Google and Apple are being singled out for setting fuzzy terms that, if not followed, lead to immediate termination of their relationship

Dropbox is also being accused of not correctly explaining certain contractual obligations for the use of its service

Also, it seems that the three technology companies have not done a good job translating their documents from English to the local language.

It’s hardly news anymore, or at least no surprise, to hear that a large tech company is being scrutinized for its less-than-stellar practices. This is an almost obvious outcome, considering that many of these brands have almost an oligopoly in their markets of influence. Also, the way they use user data is not to the liking of the entire customer base. Just that is the case for the new crisis of Google, Apple and Dropbox.

According to TechCrunch, a new federal investigation has just been launched against these companies’ cloud storage services. This, after several of its users claimed that the terms and conditions of these platforms are unfair and not very clear. According to protesters, Apple (through iCloud), Google (through its Drive), and Dropbox have shady practices to collect personal information from the public.

The specific case is developing in Italy. Through an official statement from the AGCM, the institution that will conduct the investigation against Google, Apple and Dropbox, it is going to investigate whether the brands have committed a crime. Several users accuse that technology companies are not clear on the terms of data collection, nor do they request adequate approval from the public to obtain their insights. This is against consumer protection rules.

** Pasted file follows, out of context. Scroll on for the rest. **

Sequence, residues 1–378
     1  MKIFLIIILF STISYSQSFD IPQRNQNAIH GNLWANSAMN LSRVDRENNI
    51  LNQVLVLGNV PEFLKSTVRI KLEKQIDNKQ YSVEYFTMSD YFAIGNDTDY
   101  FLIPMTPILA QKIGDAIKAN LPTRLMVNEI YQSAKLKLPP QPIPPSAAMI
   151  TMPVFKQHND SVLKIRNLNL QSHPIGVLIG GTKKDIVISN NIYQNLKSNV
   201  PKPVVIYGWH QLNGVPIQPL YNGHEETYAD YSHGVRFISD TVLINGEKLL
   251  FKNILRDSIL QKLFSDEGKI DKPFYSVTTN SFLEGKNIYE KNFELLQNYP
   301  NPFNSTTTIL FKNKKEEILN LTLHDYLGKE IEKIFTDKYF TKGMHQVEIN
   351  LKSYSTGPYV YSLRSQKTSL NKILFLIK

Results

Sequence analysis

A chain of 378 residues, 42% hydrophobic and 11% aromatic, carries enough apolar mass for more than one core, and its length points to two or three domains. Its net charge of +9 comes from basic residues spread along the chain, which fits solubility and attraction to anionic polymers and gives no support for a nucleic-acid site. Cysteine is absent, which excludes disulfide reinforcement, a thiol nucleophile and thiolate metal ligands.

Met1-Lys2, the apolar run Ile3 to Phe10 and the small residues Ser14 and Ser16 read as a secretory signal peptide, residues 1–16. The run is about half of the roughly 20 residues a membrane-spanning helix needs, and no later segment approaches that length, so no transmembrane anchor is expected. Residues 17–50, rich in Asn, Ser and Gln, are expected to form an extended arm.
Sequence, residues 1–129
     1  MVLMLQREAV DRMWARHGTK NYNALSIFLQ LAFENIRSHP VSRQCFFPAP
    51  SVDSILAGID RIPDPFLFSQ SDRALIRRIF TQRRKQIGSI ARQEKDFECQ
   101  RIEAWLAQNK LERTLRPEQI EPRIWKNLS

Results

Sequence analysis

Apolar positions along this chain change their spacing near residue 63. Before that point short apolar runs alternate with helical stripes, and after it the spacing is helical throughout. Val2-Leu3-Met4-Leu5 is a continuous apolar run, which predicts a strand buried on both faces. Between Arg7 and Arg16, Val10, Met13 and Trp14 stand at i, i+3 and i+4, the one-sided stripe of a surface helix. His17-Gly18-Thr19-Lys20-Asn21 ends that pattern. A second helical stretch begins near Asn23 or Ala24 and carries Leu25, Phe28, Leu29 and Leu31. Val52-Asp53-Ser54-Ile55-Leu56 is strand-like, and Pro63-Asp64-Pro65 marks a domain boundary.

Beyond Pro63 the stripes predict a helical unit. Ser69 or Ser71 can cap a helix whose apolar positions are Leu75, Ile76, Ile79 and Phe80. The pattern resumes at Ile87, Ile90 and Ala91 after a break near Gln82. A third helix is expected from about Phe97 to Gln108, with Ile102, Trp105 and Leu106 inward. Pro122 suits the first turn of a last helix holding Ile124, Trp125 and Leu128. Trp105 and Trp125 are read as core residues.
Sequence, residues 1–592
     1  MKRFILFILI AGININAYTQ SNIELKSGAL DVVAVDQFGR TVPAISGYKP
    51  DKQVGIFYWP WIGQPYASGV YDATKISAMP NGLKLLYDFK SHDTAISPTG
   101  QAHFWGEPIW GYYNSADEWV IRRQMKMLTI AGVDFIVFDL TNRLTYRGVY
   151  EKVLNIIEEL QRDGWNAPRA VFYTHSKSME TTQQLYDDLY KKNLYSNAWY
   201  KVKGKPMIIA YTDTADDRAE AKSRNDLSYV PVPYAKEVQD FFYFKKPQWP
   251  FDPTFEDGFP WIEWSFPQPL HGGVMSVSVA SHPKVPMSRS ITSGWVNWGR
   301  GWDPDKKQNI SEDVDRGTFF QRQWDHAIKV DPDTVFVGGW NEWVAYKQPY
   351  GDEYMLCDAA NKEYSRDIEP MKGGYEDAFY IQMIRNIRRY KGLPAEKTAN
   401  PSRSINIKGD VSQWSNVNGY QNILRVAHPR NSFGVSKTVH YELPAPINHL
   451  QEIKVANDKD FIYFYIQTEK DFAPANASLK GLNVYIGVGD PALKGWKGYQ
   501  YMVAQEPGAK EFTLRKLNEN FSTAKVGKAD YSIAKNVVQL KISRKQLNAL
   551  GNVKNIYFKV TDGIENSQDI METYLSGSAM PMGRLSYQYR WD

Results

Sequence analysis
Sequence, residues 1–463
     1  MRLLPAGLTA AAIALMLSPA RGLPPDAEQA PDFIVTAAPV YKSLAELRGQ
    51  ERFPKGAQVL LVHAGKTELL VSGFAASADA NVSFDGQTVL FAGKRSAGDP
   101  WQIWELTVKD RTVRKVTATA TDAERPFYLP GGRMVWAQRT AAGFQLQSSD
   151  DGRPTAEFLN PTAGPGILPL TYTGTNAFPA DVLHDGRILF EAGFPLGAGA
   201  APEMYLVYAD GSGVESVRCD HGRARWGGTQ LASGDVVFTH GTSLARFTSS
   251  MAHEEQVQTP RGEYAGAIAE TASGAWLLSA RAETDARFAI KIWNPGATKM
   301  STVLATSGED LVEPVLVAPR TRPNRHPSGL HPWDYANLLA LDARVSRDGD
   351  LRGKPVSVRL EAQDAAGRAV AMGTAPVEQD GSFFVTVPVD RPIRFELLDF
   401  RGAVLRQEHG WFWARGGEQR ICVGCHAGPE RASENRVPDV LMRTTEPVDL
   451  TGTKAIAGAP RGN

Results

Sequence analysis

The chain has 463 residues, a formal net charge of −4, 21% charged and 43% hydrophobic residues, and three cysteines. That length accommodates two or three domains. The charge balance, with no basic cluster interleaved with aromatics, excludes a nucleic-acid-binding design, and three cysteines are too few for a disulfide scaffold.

Privacy: A common theme for Dropbox, Apple, Google and company

It is not the first time that an investigation has been launched against a Big Tech for an issue of inadequate data collection, or the leakage of personal profiles. Zoom, for example, experienced a privacy crisis at the very beginning of the pandemic. Like Apple, Google, and Dropbox now, TikTok would have used a prohibited data-gathering technique on Android. Even Twitter has made some dubious changes to its privacy policy during 2020.

Related Notes

We must return to the case of Apple, Google and Dropbox. Regardless of whether the allegation is true or not, it is a technicality in the privacy policy of these technologies. What is being claimed in Italy is that companies are not being clear about their policies to collect data. Or, they aren’t clearly asking people for permission to get their insights either. Does it really matter if everyone knows what they are doing, even if it is not very clear?

In fact, it is an important technicality, and not only because legally it could be enough to get them a hefty fine. Dropbox, Apple and Google should be aware of the mistrust that persists among the public regarding privacy. Having an unclear terms or conditions document does nothing more than cement your image as agents who just want to take advantage of their customers. An impression that they should clear.

How to restore consumer confidence in privacy?

Of course, it is not only the fault of Google, Apple and Dropbox that there is no public trust in Big Tech. Scandals on supposedly secure platforms, such as Siri, have contributed to creating the feeling of a system that does not work, no matter the business. To this must be added the fines and new limitations that have been placed on popular services in the market. And also the lack of cooperation of some influential agents must be counted.

The biggest question in the midst of the Google, Dropbox and Apple scandal is: What should these agents do to regain public confidence around privacy? According to the World Economic Forum (WEF), the key is to establish clearer contracts and terms. According to Bloomberg, new ethical rules of use must also be created. And for PT, much of the battle must be fought by the authorities through better regulations.